Italian Word of the Day: A crepapelle (to the point of bursting)

Crepapelle, or more specifically a crepapelle, is one of those Italian expressions that does not have a direct English equivalent. Comprising the words crepare (to crack / to die) and pelle (skin), it describes various actions that are carried out to the point of bursting or to the breaking point.

/a cre·pa·pèl·le/

The best way to understand how it is used is to memorise the set idiomatic expressions in which it appears. Those most likely to occur in everyday speech are:

Ridere a crepapelle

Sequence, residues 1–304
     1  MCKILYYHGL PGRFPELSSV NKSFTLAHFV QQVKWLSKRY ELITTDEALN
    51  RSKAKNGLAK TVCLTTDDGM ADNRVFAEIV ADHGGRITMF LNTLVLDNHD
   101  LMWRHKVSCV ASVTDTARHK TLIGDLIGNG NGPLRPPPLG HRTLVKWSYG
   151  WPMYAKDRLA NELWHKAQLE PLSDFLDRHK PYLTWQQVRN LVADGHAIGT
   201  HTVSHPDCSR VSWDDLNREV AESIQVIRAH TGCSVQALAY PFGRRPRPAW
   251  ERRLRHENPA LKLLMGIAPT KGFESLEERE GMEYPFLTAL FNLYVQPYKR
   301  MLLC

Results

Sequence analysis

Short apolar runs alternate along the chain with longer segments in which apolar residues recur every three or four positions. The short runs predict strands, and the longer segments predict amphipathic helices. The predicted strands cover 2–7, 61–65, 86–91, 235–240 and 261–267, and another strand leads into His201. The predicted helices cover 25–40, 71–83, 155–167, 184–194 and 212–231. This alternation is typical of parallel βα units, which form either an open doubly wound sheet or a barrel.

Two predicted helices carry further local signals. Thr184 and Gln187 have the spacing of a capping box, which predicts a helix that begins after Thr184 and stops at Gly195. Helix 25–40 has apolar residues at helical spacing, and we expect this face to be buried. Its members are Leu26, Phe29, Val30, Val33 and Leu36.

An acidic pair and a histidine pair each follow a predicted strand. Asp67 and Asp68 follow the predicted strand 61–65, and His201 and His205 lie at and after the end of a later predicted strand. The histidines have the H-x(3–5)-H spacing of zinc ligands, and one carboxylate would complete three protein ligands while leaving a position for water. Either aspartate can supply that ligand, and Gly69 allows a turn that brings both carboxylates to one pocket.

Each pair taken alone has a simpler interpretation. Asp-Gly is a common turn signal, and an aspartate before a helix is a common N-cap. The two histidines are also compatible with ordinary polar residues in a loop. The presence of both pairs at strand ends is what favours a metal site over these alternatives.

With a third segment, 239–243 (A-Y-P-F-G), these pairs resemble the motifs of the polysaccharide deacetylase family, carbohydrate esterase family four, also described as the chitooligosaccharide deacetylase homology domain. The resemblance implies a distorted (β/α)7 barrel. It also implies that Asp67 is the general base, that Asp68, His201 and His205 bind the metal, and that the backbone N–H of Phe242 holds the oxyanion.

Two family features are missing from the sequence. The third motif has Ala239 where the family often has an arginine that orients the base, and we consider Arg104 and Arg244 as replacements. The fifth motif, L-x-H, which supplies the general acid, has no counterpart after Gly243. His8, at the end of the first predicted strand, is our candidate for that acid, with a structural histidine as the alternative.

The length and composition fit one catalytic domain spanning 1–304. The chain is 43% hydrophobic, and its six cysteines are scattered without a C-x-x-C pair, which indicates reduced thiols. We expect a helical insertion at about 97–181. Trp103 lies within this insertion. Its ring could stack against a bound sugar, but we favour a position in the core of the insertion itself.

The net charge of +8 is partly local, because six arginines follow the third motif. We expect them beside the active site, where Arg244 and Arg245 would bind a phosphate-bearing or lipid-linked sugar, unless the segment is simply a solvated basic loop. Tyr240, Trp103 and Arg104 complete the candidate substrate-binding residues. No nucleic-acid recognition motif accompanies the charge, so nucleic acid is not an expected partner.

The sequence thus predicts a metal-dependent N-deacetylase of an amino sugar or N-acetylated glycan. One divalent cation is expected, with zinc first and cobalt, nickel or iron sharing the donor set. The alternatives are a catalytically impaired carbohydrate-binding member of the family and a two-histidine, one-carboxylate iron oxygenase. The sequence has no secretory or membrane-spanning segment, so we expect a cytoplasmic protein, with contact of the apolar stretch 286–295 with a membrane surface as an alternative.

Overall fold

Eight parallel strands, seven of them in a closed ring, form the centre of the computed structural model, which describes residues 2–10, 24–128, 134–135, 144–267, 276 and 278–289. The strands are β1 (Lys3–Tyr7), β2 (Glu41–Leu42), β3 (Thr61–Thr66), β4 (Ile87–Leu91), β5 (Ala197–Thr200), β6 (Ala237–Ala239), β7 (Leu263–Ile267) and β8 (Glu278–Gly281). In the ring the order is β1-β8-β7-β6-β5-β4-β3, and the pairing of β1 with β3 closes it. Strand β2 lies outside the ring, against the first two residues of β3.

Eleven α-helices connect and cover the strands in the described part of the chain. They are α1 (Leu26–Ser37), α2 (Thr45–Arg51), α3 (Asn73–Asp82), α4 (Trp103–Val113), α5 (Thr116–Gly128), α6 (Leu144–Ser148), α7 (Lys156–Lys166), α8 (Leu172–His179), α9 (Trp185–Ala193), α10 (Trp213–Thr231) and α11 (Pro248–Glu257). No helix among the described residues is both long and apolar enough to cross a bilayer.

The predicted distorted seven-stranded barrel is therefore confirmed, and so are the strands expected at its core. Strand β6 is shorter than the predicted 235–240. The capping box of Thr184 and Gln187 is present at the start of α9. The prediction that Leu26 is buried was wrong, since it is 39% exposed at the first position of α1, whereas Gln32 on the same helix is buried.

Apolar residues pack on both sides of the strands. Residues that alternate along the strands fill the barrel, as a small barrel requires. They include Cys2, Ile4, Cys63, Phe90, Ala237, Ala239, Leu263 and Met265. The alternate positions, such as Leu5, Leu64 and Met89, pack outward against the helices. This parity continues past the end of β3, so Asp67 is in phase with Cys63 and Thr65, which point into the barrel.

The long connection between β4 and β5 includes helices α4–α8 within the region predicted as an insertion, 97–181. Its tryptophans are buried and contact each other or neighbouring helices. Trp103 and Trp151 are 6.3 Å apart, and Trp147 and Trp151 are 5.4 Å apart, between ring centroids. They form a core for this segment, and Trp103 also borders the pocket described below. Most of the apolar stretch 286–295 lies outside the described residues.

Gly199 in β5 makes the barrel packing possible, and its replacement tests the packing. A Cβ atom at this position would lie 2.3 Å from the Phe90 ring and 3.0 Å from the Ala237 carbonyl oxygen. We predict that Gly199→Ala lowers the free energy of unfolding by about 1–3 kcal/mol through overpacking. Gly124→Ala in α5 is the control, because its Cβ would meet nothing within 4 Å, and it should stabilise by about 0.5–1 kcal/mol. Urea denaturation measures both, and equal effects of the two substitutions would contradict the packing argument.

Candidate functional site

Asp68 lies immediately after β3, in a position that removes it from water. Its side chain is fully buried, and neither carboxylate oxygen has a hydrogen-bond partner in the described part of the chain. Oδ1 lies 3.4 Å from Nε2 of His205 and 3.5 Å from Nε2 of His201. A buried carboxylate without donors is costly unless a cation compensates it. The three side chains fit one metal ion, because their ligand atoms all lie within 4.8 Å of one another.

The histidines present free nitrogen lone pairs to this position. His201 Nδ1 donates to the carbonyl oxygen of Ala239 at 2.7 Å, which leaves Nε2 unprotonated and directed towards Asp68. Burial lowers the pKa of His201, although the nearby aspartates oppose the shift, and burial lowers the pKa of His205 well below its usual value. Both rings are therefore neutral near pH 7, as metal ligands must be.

Ridere = to laugh
To split one’s sides with laughter. To burst out laughing.

Far ridere (qualcuno) a crepapelle

Far ridere = to make laugh
To crack (someone) up. To have (someone) in fits.

Vietnamese young people laughing and drinking champagne at party
Il tuo amico mi ha fatto ridere a crepapelle ieri sera! = Your friend had me in stitches last night!

La prima parte del film mi ha fatto ridere a crepapelle, la seconda mi ha strappato le lacrime!

The first part of the film cracked me up, the second part left me in tears!

A few other verbs can also be used with a crepapelle but they appear less in spoken language and more in literature.

Mangiare a crepapelle

Mangiare = to eat
To eat until you burst.

Riempirsi a crepapelle

Riempirsi = to fill oneself
To stuff one’s face.

Bere a crepapelle

Bere = to drink
To drink oneself under the table.

Sghignazzare a crepapelle

Sghignazzare = to laugh scornfully
To laugh scornfully and uncontrollably.

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